Science Fair Project Encyclopedia
Foreign relations of Madagascar
Madagascar historically has remained outside the mainstream of African affairs, although it is an active member of the Organization of African Unity and the Non-Aligned Movement. From 1978 until 1991, then-President Ratsiraka emphasized independence and nonalignment and followed an "all points" policy stressing ties with socialist and radical regimes, including North Korea, Cuba, Libya, and Iran. Taking office in 1993, President Albert Zafy expressed his desire for diplomatic relations with all countries. Early in his tenure, he established formal ties with South Korea and sent emissaries to Morocco.
Globalization has encouraged the government and President Ratsiraka since 1997 to adhere to market-oriented policies and to engage world markets. External relations reflect this trend although Madagascar’s physical isolation and strong traditional insular orientation have limited its activity in regional economic organizations and relations with its East African neighbors. It enjoys closer and generally good relations with its Indian Ocean neighbors--Mauritius, Réunion, and the Comoros Islands. Active relationships with Europe, especially France, Germany, and Switzerland, as well as with Russia, Japan, India, and the PRC have been strong since independence.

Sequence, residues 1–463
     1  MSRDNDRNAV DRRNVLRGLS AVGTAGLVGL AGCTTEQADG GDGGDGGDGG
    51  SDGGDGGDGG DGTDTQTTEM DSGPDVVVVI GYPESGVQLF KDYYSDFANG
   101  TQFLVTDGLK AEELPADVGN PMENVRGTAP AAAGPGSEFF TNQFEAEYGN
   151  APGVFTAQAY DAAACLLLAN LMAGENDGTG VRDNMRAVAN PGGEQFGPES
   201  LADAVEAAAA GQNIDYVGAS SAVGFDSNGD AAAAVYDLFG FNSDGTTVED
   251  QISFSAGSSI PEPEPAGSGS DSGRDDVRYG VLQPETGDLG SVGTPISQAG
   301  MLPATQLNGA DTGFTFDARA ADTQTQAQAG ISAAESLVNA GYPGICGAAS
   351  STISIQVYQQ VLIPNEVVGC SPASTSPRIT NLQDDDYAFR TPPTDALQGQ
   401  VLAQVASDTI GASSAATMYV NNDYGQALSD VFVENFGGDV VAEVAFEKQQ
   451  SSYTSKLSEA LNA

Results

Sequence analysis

- See also : Madagascar
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